Money Wellness
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category iconmanaging your money
calendar icon08 Mar 2024

Cold-calling sales company shut down after targeting elderly and vulnerable customers

The Insolvency Service recently shut down a company after finding out it was targeting elderly and vulnerable customers with aggressive sales techniques.

 Your Home Care Services Ltd was cold calling customers with their sales pitches, including people whose money was under Powers of Attorney, where their finances were actually managed by someone else legally.

 The Insolvency Service found that the aggressive tactics used were to convince these customers into buying cover for goods that they didn’t need. Customers told the investigation team that the cold callers lied to them by saying they already had existing plans, and that if they wanted to cancel without renewing, they’d be charged for cancellation.

The Insolvency Service has said it will work to remove companies like this from operating so that members of the public are protected.

Protect yourself from cold callers

A cold call is a phone call you get from a company or person you’ve never spoken to before, and they’ll normally try to sell you something you don’t need or want.

They’re not always scams, but they can be time wasting, and they’ll want your data or your money.

These are some common ones to watch out for:

Bank cold calls: If you get a call from your bank telling you there’s been fraudulent use of your account, cards or asking you for your personal details like PINs, this is a scam.

Compensation cold calls: This will be from a company asking about your recent ‘car accident’ and telling you you’re entitled to compensation. If you have had an accident, call your own insurance company by their number.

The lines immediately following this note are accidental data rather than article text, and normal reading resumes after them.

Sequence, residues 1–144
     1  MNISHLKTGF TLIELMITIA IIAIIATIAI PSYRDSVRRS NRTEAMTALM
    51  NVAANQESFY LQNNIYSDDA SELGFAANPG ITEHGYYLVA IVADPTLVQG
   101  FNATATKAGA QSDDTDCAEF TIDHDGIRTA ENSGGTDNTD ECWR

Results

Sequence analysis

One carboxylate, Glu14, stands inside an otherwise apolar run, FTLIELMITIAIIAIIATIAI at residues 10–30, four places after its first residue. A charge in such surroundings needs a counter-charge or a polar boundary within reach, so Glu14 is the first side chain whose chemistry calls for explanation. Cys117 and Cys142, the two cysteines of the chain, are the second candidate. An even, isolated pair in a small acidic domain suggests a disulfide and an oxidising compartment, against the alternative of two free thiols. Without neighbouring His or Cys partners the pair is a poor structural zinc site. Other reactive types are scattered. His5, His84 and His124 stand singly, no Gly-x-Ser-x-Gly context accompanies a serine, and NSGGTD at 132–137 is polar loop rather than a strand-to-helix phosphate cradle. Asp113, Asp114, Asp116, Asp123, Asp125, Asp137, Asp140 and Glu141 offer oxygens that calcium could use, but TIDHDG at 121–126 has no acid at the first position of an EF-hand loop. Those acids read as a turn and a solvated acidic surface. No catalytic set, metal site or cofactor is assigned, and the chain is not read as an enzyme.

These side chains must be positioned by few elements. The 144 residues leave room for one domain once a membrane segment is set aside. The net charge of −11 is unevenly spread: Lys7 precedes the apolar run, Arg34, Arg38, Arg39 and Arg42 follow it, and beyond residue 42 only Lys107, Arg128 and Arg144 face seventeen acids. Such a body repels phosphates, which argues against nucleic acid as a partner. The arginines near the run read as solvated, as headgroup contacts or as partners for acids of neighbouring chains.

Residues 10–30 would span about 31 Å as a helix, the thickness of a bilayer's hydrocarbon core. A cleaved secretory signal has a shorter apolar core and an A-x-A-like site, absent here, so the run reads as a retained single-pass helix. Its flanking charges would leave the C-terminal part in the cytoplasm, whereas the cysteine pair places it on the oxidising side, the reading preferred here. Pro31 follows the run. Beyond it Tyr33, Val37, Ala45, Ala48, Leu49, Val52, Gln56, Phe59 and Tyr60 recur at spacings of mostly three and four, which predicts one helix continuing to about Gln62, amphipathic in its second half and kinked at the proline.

Police cold calls: They might claim to be undercover and say they’re investigating someone from your bank. If they ask for any of your bank details or other personal details, it’s a scam. The police would never ask you take part in investigations like this.

Computer or mobile repair cold calls: They might tell you your device has a virus and ask you to download software to fix it. Once downloaded, the software will give the scammer access to all of your online information.

HMRC and council tax cold calls: HMRC or your local council would never call you about money out of the blue.

 Scammers change tactics often, and there may be cold calls happening that aren’t listed here. If you get any calls from a number that seems strange trying to sell you something you don’t want or need, or if the caller is pushy and telling you that you owe their ‘company’ money, be wary.

 How to avoid cold-calling scams

  • Say no: Ignore a caller that asks you for personal information, or says they’re contacting you about any of the above.
  • Check the line: Scammers can actually keep your phone line open even after you’ve hung up. So you should wait at least 10 to 15 minutes between calls to make sure that any scammers have hung up.
  • Join Telephone Preference Service (TPS): This is a free service that should cut the number of cold calls you get, but it might not block every scammer. You can register on their website .
  • Screen your calls: Use an answerphone landline or voicemail on mobile to screen your calls.
  • Call blocking: Some phones have call-blocking features to stop unwanted calls. But if yours doesn’t you can use a separate call blocker. Some will allow you to add numbers to them as you get them, and come with known nuisance and scam numbers.
  • Call the company: If you get a call from somewhere asking you for personal information, contact that company directly using a known email or phone number to check the call is real.
  • Avoid links: If you’ve had a text asking you to follow a link, don’t click on it. You can check that it’s a real link if you contact the company on a known number.

Find out more on how to avoid scammers.

 

Avatar of Lydia Bell-Jones

Lydia Bell-Jones

With a background in banking, Lydia has been writing professionally for over five years. She is passionate about helping people improve their personal finances and has a particular interest in the connection between money and mental health.

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